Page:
Is media frenzy manufacturing news?

Is media frenzy manufacturing news?

Bikram Vohra

When Janet Cooke wrote Jimmy’s World, a series of articles about a little Afro-American child who was a drug addict all of America cried and joined hands to help. Except there was no jimmy, it was something the reporter had cooked up?
Jason Blair was the rising star of Journalism and the New York Times built him rapidly. Until they discovered that 37 of his 73 articles published were figments of imagination and plagiarized.
The desire to be first and break the news is now so overwhelming that the scoop has become a game with no rules.
A current story in India illustrates the global phenomenon, demanding the answer to the loaded question: Is the news being cooked up. War coverage has become a joke and anyone can say anything so that news is now filtered through versions depending on the writer’s moods and interests.
Plagiarism is one thing and is now rampant. Thanks to search engines cheating blatantly is now a habit in media. But cooking up news is fast catching up.
Is the speed of technology and the ‘insta-approach to media news’ so fleeting that deceit and lies can pass for hard news and no one cares nor are there consequences? Walk with me through this story.
Indian medicine is bitter. We do not deny that. Dead people kept artificially alive on ventilators so you can inflate the bill even as relatives cling to vanished tendril of hope. But against all the frequent inhuman acts that are photographed and dispatched as ‘shocking’ revelations some seem to be more than mildly questionable.
Take this horrendous latest story of the Ranchi Institute of Medical Sciences (RIMS) in the state of Jharkhand serving food to a patient on the floor because there were no plates.
The story comes replete with a blurred and indistinct shot of the back of the patient Palmati Devi who has a fractured hand in plaster and she is allegedly eating rice off the floor.
Grotesque? Of course it is.
But the point is, why? One sometimes gets the feeling these incidents are stage-managed. Palmati Devi would probably have had half a dozen relatives camped in the lobby armed with food. Even if she was alone there is no shortage of newspapers, cartons etc to replace the shortage of plates. Eating off paper is common. We do it in buses, on trains, even upmarket fast food restaurants. Banana leaves. Any leaf?
Again, in the picture are scores of people watching. This is not something where getting involved means asking for trouble. You are not going to be beaten up. It is just not possible that while she tamely ate food off the floor people sauntering past were not offended. Doctors, nurses, patients, security guards, none of them stopped it.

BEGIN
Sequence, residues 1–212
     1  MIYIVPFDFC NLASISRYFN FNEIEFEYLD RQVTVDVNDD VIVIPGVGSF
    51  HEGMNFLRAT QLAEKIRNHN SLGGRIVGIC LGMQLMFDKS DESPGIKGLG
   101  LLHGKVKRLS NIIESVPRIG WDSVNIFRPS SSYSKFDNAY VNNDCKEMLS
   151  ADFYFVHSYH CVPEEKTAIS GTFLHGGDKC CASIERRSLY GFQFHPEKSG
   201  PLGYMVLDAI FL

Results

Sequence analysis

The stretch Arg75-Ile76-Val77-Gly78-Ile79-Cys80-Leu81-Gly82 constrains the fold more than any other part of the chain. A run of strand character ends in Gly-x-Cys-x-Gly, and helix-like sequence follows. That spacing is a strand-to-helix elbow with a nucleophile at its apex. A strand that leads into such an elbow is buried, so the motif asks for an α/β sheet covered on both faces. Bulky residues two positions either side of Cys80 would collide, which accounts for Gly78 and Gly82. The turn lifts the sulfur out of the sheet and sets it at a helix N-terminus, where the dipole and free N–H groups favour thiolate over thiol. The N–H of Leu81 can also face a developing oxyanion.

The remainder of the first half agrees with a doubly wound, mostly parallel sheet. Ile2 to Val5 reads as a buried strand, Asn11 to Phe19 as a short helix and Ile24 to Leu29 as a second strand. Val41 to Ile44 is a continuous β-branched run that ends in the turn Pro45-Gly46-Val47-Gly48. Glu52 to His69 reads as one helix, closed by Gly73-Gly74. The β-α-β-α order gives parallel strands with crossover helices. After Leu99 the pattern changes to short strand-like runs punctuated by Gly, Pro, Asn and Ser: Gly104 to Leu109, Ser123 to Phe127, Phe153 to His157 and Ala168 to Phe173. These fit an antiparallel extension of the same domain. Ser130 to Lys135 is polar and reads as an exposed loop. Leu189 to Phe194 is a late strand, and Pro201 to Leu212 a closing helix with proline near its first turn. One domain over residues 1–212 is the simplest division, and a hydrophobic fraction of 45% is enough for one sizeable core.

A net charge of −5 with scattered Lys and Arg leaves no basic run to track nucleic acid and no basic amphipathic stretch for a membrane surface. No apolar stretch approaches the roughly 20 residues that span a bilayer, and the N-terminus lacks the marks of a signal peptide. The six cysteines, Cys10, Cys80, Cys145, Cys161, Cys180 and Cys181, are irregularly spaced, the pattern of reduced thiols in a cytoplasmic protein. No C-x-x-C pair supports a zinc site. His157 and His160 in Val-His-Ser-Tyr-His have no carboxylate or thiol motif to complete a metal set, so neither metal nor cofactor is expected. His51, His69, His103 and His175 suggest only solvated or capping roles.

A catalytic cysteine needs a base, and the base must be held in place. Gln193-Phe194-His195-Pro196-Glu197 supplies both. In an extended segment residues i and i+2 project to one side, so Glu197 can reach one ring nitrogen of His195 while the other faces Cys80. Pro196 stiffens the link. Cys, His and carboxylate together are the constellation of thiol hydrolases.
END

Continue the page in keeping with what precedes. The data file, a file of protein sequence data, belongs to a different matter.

The reason why this is suspect is that as a nation we are pretty big on food and generally give it respect. And then that one photograph taken from the back of the lady in question and made viral. Why couldn’t the photographer have taken a video, a whole high def series of shots instead of this one indistinct photo in which the food has to be circled so that the viewer can figure it out.
Which then makes one wonder aloud if news is not being manufactured to titillate and horrify. In the case of the man who had to lift his wife’s body and walk 12 km people did not know what was in the sewn cloth so they can be given the benefit of doubt.
In this case, food on the floor goes so against Indian sensibilities that I would accept the aberration if the evidence hadn’t been so cagey and arguably contrived.
What stopped anyone of the scores of people in the hospital armed with mobile phones from taking the face to face shot instead of this singular snap.
We take a ratatatat series of pictures of everything these days.
You get something as mean-spirited as this and there is only a single grainy shot.
In a corridor of a public hospital, the largest in the state...it would have had the traffic of a railway station.
Maybe it did happen. But one has to begin to get a little chary about how much of this sort of stuff is engineered because someone’s imagination is running wild?
Ask yourself as the whole world watches this photo and the story goes global and embarrasses us by underscoring our savagery if you were in that corridor and saw someone eating food off the floor, fractured hand or not, would you keep walking?

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